Daniel Day-Lewis, Tommy Lee Jones, and Sally Field star in a film written by Tony Kushner, directed by Steven Spielberg.
Few names in the American history pantheon resonate with the quiet and righteous power of Lincoln, despite efforts by biographers and reality checkers to bring him down a few notches on the saint scale. Hearing about a film called, simply, Lincoln, under the directorial thumb of Steven Spielberg, no less, we might have expected a sprawling, tedious biopic, chock-full of montages and the usual yawning genre of packing a full life into a two-plus-hour package.
But no, thankfully: Spielberg, working from a sharp script by Tony Kushner — based on Doris Kearns Goodwin’s book Team of Rivals: The Political Genius of Abraham Lincoln — tells a compelling story about the breadth, majesty, humility, and vulnerability of the man. The story is told through the tightly focused narrative spectrum of a brief but critical period in Lincoln’s life, in 1865, a few months before his assassination, as he and his “Republican radical” allies fought to pass the 13th Amendment.
Make no mistake, though: Lincoln wouldn’t be half as compelling as it is without its “Lincoln,” another stunning performance by Daniel Day-Lewis, stoic and compassionate, blessed with a dry wit and human to the core. From the film’s opening scene, as soldiers quote the Gettysburg Address to the president, through Lincoln’s struggles and tenderness with his wife, Mary (Sally Field), and tussles with the stubborn and racist Democrats, Day-Lewis owns the screen much like he did in There Will Be Blood, another film where he plays a determined, vintage American character. In a way, the two stars of the film are the protagonist and cinematographer Janusz Kaminski. Visually, this Lincoln avoids the HBO historical model and instead goes for a fascinating look and texture, with brittle, naturalistic, and moody lighting, sometimes with its subjects flecked by shade or flickering half light.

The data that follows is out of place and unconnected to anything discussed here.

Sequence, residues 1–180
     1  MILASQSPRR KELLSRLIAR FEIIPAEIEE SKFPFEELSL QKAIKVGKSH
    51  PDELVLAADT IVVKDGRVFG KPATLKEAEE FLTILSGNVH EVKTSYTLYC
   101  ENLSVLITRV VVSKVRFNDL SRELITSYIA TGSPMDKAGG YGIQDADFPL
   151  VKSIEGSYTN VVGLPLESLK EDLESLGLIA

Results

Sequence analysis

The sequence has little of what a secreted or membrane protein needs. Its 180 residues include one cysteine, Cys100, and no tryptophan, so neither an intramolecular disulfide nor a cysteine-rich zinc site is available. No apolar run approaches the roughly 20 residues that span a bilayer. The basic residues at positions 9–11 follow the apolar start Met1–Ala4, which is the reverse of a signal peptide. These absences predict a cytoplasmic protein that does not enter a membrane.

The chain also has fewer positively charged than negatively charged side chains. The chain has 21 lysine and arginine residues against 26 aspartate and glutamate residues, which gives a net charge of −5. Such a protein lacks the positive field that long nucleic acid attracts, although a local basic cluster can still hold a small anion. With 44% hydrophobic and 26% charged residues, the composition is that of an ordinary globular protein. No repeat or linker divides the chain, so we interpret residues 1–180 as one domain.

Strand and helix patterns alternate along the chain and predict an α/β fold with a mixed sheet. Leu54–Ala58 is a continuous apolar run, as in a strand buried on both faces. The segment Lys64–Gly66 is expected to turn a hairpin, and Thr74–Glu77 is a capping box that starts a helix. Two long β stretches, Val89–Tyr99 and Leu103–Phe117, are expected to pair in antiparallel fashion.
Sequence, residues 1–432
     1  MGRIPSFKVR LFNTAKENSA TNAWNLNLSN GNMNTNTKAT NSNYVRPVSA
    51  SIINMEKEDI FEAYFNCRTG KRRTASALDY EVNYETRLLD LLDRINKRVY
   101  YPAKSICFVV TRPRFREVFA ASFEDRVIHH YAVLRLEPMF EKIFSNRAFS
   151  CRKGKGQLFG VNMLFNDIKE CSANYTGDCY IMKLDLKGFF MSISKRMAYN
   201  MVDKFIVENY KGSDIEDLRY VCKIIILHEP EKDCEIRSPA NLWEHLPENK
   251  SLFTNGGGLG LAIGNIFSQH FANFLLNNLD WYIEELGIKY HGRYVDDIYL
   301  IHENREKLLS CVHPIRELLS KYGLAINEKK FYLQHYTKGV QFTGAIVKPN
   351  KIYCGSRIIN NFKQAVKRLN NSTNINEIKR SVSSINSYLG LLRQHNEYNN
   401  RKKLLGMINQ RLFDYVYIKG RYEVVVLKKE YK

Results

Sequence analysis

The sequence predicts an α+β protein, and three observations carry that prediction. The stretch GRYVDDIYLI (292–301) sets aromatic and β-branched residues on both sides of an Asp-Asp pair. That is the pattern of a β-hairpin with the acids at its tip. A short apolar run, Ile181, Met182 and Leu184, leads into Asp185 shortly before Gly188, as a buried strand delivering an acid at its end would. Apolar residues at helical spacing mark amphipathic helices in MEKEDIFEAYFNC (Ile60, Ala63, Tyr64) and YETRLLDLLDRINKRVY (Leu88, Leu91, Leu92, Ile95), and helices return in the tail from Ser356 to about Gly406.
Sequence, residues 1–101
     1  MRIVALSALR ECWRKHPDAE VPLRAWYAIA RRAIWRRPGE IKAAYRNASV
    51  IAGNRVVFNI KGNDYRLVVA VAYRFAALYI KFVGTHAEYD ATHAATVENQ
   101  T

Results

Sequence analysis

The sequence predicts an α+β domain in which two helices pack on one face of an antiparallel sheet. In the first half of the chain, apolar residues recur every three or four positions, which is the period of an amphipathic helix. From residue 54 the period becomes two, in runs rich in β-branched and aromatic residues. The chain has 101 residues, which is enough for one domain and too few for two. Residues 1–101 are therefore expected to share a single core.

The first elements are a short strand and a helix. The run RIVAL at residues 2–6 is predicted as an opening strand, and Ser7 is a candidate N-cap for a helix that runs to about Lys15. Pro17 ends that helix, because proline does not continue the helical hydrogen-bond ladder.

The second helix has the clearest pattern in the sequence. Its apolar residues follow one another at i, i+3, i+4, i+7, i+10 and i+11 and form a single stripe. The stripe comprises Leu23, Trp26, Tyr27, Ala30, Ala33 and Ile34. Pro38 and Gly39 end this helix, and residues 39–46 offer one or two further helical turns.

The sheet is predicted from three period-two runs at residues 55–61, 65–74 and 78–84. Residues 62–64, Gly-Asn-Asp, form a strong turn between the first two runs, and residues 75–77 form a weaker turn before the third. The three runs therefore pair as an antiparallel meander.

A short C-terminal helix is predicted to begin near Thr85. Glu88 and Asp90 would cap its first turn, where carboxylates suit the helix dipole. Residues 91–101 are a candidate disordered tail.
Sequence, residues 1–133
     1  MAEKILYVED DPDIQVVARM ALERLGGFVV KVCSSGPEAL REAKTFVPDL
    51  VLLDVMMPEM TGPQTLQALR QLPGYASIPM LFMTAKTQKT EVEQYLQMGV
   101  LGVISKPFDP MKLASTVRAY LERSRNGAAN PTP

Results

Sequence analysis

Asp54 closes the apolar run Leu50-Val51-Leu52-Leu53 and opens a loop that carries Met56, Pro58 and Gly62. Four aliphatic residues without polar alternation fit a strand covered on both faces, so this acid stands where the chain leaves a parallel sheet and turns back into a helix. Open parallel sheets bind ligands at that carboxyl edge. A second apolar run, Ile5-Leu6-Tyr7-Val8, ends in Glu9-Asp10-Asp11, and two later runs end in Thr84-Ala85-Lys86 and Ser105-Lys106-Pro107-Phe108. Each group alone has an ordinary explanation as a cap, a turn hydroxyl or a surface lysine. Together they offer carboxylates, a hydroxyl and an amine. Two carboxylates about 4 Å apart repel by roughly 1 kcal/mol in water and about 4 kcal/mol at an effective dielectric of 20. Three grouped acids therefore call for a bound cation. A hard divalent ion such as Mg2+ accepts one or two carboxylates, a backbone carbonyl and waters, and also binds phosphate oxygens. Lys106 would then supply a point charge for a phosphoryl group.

Generally, Spielberg seems to be getting the hang of making films that matter and have a distinctive character; his masterful Warhorse and Lincoln are an indication. Normally, we tend to cringe when Spielberg takes on more serious subject matter, chastened by bad examples in his past filmography, but Lincoln is a powerful piece of filmmaking, as gritty period piece, cautionary tale about the follies of partisan bickering across the aisle (more relevant to the modern day than ever), and work of art that follows its own intriguing expressive lingo. Spielberg is lifting himself out of the popcorn machinery of his own devising. In short, Lincoln rules.